Next CLLEAR seminar: Grammatical innovations in Multicultural London English

CLLEARThe next Centre for Linguistics, Language Education and Acquisition Research (CLLEAR) seminar will take place on Wednesday 24th October 2018 at 4:30pm in Lecture Theatre C, Building 65, Avenue Campus. The talk is entitled “Grammatical innovations in Multicultural London English” and will be delivered by David Thomas Hall from Queen Mary, University of London. All welcome!

Here is the abstract for this seminar:
Recent years have seen growing interest in interdisciplinary research at the intersection of sociolinguistics and formal linguistic theory, sometimes called Sociosyntax (see e.g., Cornips and Corrigan 2005; Lingua special issue on formalising syntactic variation (2010), vol 120.5). Recent research into urban multiethnolects in the UK (e.g., Cheshire et al 2011) has revealed unexpected syntactic properties in emerging varieties of English, particularly Multicultural London English (MLE). Research on MLE has so far been carried out in a variationist sociolinguistic framework (Cheshire et al 2011 a.o), but here I report on my research into grammatical innovations in MLE in a broadly generative framework. I focus on the new pronoun man and preposition+definite article drop (P-D-drop). I will present analyses for the two phenomena, and discuss how the study of grammatical variation picked up through sociolinguistic research can inform our understanding of the limits of the language faculty from a minimalist perspective.

Next CLLEAR seminar: Theoretical linguistics and the scientific method in the language classroom

CLLEARThe next Centre for Linguistics, Language Education and Acquisition Research (CLLEAR) seminar will take place on Wednesday 2nd May 2018 at 4pm in Lecture Theatre C, Building 65, Avenue Campus. The talk is entitled “Theoretical linguistics and the scientific method in the language classroom” and will be delivered by Julio Villa-García from the University of Manchester. All welcome!

Here is the abstract for this seminar:
In this talk, I pursue the view defended in recent work (Bosque 2018, i.a.) that the way we teach language has traditionally been based on labelling (“this is a noun”; “this is a predicate…”), rather than on actual analysis. This contrasts starkly with what happens in scientific disciplines, where students look at evidence, glean generalisations, formulate hypotheses/theories and then make predictions about what will happen. I contend that such a pattern-enchanted approach can be beneficial in the language classroom when it comes to the teaching of grammar, as in addition to finding generalisations about how the grammatical system works, students also develop a number of lifelong transferable skills.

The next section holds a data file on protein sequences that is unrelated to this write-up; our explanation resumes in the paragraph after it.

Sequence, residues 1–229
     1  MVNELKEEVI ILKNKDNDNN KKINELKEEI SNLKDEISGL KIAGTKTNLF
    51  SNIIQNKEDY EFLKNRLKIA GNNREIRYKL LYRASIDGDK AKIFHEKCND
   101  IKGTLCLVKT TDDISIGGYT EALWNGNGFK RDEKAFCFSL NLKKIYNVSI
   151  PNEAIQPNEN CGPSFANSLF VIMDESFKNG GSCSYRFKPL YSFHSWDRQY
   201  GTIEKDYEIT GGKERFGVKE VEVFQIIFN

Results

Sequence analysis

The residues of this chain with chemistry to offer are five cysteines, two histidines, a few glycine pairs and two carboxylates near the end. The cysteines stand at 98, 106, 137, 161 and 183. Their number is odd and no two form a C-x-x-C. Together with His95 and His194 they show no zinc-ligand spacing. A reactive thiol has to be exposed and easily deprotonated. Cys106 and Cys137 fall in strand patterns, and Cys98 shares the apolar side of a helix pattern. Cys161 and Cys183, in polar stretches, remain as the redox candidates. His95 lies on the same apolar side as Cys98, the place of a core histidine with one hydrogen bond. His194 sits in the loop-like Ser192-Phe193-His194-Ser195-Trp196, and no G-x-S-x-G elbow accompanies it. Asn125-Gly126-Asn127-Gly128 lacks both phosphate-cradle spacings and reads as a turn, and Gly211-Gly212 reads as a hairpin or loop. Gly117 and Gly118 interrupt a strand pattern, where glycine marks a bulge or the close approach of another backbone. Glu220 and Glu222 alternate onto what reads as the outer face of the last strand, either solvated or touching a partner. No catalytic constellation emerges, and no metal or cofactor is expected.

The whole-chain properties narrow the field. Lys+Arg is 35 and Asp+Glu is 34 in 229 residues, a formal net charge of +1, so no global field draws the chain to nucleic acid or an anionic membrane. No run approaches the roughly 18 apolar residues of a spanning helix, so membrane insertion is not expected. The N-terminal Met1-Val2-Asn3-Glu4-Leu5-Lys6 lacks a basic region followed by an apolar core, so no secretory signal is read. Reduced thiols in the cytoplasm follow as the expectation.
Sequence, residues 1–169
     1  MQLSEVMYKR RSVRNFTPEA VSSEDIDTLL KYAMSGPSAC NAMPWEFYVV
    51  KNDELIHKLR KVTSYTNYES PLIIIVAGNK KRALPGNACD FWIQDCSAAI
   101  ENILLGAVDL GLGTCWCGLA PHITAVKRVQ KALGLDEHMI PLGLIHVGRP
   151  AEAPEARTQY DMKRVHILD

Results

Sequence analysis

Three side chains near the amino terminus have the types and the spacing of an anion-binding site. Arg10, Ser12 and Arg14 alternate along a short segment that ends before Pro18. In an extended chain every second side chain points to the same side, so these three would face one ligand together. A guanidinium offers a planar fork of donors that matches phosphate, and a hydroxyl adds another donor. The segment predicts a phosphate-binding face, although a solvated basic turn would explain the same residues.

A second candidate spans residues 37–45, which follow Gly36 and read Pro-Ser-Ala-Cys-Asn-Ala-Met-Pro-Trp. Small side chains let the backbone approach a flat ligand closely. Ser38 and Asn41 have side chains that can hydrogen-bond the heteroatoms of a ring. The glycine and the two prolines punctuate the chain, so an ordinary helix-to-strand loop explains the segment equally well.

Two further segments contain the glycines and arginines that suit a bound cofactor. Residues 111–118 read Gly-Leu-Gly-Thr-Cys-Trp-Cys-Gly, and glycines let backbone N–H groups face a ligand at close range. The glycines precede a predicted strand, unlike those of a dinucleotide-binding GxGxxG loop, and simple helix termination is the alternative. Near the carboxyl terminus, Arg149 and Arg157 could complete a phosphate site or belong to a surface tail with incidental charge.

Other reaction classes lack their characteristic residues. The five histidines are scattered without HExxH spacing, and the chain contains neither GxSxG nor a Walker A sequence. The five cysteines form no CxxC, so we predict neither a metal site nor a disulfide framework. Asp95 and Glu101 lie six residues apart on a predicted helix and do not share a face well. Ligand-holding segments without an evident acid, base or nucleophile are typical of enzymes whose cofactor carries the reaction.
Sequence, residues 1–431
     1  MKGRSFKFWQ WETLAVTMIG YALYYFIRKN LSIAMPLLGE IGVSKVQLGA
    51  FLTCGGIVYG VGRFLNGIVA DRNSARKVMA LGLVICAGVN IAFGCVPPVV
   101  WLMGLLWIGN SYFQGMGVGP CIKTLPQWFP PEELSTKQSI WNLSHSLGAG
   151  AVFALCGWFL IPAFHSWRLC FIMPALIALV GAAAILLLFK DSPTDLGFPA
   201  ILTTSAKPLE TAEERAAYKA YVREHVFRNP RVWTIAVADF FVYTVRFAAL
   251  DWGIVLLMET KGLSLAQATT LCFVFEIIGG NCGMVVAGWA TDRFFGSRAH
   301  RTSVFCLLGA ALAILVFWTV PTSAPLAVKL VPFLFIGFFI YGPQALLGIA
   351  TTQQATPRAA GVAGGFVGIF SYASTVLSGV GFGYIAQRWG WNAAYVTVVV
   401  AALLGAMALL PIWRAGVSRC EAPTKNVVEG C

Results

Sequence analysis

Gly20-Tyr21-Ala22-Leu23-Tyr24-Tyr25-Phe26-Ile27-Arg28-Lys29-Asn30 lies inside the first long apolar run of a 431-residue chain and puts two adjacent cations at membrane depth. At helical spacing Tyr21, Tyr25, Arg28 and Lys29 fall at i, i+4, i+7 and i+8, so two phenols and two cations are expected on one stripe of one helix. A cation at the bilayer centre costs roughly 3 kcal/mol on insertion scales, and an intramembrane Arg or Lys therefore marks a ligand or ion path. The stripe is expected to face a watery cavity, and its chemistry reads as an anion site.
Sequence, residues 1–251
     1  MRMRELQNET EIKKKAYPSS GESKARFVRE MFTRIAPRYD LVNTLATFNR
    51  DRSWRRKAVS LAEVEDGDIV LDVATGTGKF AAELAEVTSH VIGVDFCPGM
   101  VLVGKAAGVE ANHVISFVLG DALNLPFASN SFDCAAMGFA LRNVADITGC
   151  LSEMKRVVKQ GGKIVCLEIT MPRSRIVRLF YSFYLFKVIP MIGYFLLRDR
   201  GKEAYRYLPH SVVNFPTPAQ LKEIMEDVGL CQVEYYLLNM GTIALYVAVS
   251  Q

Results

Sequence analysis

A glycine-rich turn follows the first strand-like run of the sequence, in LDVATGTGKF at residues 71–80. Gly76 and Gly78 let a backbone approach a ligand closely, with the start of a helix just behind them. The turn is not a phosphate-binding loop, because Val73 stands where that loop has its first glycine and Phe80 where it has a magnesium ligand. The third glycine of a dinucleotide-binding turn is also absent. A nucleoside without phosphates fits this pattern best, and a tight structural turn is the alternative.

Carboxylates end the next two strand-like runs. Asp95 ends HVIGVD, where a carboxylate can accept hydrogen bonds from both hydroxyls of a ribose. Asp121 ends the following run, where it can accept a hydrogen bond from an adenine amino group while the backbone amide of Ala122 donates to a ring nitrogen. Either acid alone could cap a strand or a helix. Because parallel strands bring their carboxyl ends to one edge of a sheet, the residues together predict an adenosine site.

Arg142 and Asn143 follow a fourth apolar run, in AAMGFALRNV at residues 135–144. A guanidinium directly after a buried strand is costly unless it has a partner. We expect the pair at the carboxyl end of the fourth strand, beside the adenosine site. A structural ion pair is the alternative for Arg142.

In the second part of the talk, I argue that the findings of theoretical research can aid language teaching, since the quality of the input that we expose our learners to can improve significantly. This is because research on theoretical linguistics has come up with more precise generalisations than those typically found in pedagogical grammars (Rothman 2010, i.a.). In fact, there is no need for teachers or students to be trained in linguistics (i.e., there is no real need to overload students with metalanguage or with too many technicalities). To this end, I provide a number of practical examples suggesting that the gap between theoretical research and pedagogical practice in the language classroom can actually be bridged.

Next CLLEAR seminar: Methodological considerations in measuring ambiguous relative clause attachment strategies in bilinguals

CLLEARThe next Centre for Linguistics, Language Education and Acquisition Research (CLLEAR) seminar will take place on Monday 16th April 2018 at 15:30 in Room 1011, Building 67, Highfield Campus. The talk is entitled “Methodological considerations in measuring ambiguous relative clause attachment strategies in bilinguals” and will be delivered by Elena Valenzuela from the University of Ottawa. All welcome!

Here is the abstract for this seminar: